Helmet Frontpiece, "Hydraulion Steam Fire Engine Company 3"

Description (Brief)
The frontpiece (also known as shield or badge) of firefighting helmets has been a distinctive part of the American firefighter’s helmet since it was developed by Henry Gratacap in the early 19th century. These frontpieces displayed a variety of information. The fire company's name and number appeared, often alongside the city or town where it was based. The frontpiece could also include the owner's initials and rank. Most fire helmets had leather frontpieces, but frontpieces could also be made of metal, especially on presentation helmets or those worn in parades.
This leather frontpiece was made by Cairns & Brother of New York, New York around 1875. Two red banners are at the top of the frontpiece with raised gold leather lettering that reads “HYDRAULION/SFE Co.” A large black number “3” is in the center, with a black banner at the bottom with raised gold leather initials that reads “CW” with a first initial missing.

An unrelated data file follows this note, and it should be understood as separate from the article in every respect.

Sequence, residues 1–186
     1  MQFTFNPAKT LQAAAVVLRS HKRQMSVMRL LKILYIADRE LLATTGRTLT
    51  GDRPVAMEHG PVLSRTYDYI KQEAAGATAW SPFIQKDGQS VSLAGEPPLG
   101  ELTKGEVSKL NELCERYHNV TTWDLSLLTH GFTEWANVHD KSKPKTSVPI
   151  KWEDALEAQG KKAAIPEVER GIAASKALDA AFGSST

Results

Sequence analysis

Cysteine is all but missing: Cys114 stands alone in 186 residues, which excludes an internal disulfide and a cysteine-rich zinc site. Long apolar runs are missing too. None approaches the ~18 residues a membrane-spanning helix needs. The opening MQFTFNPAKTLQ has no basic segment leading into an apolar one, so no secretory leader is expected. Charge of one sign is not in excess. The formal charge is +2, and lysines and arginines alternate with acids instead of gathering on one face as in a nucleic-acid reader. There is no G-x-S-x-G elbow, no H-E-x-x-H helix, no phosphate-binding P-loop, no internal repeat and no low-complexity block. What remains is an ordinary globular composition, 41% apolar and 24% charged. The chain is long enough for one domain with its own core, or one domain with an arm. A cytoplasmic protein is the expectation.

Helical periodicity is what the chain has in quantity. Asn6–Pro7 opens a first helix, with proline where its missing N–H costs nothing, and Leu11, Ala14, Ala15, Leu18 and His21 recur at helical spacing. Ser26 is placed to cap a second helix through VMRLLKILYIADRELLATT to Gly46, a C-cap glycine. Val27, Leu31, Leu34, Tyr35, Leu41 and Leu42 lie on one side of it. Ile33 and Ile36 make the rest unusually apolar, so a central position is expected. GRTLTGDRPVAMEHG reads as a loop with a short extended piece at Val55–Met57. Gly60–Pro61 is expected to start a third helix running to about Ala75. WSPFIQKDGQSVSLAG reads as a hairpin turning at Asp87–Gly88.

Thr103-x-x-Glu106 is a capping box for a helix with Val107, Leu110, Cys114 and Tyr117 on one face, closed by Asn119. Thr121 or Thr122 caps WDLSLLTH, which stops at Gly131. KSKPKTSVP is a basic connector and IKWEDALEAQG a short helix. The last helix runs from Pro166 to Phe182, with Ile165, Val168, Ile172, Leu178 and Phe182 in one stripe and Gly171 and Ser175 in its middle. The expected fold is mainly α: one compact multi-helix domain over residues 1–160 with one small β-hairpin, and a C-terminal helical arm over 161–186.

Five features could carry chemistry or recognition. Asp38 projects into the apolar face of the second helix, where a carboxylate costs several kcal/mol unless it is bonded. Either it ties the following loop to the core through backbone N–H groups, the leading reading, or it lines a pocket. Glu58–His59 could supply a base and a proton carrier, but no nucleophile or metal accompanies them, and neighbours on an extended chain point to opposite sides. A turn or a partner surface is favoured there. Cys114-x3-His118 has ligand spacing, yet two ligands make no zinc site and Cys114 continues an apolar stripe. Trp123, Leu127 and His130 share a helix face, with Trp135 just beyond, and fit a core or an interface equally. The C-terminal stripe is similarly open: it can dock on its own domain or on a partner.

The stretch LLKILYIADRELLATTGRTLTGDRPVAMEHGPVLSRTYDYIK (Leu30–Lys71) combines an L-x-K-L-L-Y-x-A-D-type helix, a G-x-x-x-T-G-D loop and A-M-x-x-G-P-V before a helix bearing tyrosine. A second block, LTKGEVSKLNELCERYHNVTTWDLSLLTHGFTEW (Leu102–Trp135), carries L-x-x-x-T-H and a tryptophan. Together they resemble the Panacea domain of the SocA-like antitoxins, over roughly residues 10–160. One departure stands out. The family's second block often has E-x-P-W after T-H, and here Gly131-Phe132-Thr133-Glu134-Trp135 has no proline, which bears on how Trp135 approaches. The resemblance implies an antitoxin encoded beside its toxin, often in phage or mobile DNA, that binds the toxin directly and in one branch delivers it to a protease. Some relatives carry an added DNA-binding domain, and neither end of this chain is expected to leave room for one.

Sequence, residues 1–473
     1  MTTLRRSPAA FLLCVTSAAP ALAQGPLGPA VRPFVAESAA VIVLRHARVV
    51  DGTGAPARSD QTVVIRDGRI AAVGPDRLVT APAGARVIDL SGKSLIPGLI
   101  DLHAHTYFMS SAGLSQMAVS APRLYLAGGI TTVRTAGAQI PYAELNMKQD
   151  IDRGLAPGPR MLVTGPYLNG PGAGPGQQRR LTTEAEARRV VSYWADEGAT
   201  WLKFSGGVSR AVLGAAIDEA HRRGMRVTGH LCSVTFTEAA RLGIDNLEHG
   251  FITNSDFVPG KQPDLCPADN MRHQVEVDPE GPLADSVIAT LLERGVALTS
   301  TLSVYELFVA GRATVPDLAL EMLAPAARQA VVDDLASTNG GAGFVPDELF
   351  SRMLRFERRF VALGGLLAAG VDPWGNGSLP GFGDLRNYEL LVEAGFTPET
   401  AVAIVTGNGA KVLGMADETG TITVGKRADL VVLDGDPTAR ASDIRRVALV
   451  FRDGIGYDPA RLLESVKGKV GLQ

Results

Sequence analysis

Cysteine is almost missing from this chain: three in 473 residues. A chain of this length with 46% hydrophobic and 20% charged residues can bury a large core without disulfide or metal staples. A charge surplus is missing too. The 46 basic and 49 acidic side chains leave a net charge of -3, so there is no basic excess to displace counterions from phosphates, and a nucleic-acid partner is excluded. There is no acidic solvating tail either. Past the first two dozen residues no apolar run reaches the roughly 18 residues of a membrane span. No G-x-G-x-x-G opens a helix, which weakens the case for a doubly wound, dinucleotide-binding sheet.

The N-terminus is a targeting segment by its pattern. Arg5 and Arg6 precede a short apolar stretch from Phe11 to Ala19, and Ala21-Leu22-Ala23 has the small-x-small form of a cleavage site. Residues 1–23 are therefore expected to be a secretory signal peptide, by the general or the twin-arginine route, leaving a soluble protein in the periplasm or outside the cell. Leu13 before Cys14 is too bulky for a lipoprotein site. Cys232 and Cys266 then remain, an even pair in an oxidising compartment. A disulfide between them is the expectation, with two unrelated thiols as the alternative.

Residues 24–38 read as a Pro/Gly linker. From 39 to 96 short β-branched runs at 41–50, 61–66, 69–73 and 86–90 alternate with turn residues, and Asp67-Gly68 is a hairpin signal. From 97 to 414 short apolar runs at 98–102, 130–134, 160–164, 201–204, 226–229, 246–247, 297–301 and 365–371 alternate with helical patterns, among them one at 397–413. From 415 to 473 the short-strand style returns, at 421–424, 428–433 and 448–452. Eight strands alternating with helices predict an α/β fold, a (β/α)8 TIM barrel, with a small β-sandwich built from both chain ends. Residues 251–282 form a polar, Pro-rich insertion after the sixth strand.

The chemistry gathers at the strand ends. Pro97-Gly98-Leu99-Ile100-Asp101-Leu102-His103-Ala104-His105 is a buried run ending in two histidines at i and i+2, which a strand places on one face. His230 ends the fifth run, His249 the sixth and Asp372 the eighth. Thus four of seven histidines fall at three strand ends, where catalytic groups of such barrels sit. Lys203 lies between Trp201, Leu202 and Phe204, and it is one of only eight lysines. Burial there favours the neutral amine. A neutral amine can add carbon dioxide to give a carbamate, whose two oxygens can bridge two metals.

Location
Currently not on view
date made
ca 1875
maker
Cairns & Brother
place made
United States
Physical Description
leather (overall material)
Measurements
overall: 7 3/4 in x 6 in; 19.685 cm x 15.24 cm
ID Number
2005.0233.1447
accession number
2005.0233
catalog number
2005.0233.1447
Credit Line
Gift of CIGNA Museum and Art Collection
See more items in
Home and Community Life: Fire Fighting and Law Enforcement
Work
Clothing & Accessories
Firefighting Collection
Helmet Frontpieces
Data Source
National Museum of American History, Kenneth E. Behring Center

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